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How to Manage Your Company Culture

Sep 28, 2016 by Amber Johnson 0 Comments

your CEO needs a new title how to manage company culture blog

No doubt your company’s top executive has “CEO” written on his or her business card. But should it? If our title really reflects the role we play in the company, then the CEO’s title should instead read Chief Culture Officer.

That’s exactly what you’ll find on Tom Walter’s business cards. As the leader of Tasty Catering, a Great Game of Business practitioner, Tom wants his business cards to reflect his most pressing daily task.

“Managing the culture is my chief responsibility now,” says Tom Walter of Tasty Catering. Why? Because it’s the clearest leverage point for success he knows.

At the Center for Values-Driven Leadership, our research takes us inside industry-leading, award-winning companies (many of whom practice open-book management). Inside these companies, we explore how the company’s culture influences profit and revenue, employee engagement, customer loyalty, and other metrics. The link is always clear: strong, positive cultures make a tangible difference in the company’s success.

In our interviews with executives, the CEOs and presidents say the culture is their business. Culture is job #1, regardless of the size of the organization. The company culture may have a life of its own, but the CEO takes care to model, shape and celebrate it on a daily basis. Essentially, the CEO is the Chief Culture Officer.

Shaping a Culture that Drives Success

Management guru Edgar Schein called leaders the “architects of culture.” Architects need tools. The exceptional leaders we interviewed used the following eight tools to actively guide their companies. Think of this as a checklist. Do you do the following?

  • Actively participate in on-boarding, mentoring, training, and coaching of team members, because it gives me an opportunity to express the importance of our culture and values through each interaction.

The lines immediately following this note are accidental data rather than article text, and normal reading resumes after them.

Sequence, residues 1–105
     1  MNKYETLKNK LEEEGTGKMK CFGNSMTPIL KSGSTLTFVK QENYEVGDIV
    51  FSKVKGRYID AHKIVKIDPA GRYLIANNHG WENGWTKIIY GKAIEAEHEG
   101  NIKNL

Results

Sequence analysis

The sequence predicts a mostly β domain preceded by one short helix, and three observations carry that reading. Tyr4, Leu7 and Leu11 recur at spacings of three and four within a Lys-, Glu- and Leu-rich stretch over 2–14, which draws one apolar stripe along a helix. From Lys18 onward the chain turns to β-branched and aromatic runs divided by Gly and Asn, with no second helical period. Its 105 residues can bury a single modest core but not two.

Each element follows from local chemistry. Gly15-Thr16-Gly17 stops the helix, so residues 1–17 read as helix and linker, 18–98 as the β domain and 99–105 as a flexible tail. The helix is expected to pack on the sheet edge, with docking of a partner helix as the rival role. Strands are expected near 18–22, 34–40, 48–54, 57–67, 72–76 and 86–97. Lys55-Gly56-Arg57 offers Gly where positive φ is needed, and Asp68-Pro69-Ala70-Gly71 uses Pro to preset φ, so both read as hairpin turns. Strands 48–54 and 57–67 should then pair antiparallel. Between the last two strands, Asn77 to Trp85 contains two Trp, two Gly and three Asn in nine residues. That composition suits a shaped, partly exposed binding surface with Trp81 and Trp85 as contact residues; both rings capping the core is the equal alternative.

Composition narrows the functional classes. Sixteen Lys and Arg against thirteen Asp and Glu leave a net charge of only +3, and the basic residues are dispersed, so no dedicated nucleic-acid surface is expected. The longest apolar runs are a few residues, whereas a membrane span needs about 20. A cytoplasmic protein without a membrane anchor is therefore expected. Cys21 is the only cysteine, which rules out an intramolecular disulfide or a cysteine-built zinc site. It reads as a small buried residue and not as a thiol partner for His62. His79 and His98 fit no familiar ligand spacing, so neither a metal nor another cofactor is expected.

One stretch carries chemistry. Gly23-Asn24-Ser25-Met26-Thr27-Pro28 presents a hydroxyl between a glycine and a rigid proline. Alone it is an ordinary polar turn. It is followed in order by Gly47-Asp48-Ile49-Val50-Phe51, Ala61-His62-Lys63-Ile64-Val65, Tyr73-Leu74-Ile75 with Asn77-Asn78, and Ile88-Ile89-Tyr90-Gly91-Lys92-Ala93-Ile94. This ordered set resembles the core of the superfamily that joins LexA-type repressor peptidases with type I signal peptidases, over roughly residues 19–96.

• Put resources in place to support and reinforce the values, including being willing to invest financially in strengthening the work culture, because I know it supports our core business strategy.
  • Tell stories and recognize people who put the values into practice, because storytelling and recognition reinforces what matters to me as the top leader.
  • Promote dialogue about the values in senior team meetings, company-wide events, and through all communication channels, so that our culture and values are always top-of-mind as we do the work of the company.
  • Use the values to evaluate company decisions so that our people know they can trust us and our decisions align with our cultural DNA.
  • Display the values in our offices, on our company merchandise, and in visible public places, to hold us accountable and to remind people as they go about their daily work.
  • Use the culture and values to set strategy and build customer relationships, so that our reputation is clear and we know we’re growing in the right direction.  
  • Relentlessly make sure the values are integrated into every system and process of the organization, so nothing can subvert the core values and culture.

Those eight tools are an incredible starting point for executives who understand their role as their company’s Chief Culture Officer.

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Topics: Company Culture

Amber Johnson
Written by Amber Johnson
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About The Great Game of Business

Our approach to running a company was developed to help close one of the biggest gaps in business: the gap between managers and employees. We call our open-book approach The Great Game of Business. What lies at the heart of The Game is a very simple proposition: The best, most efficient, most profitable way to operate a business is to give everybody in the company a voice in saying how the company is run and a stake in the outcome. Let us teach you how to develop a culture of ownership, where employees think, act and feel like owners.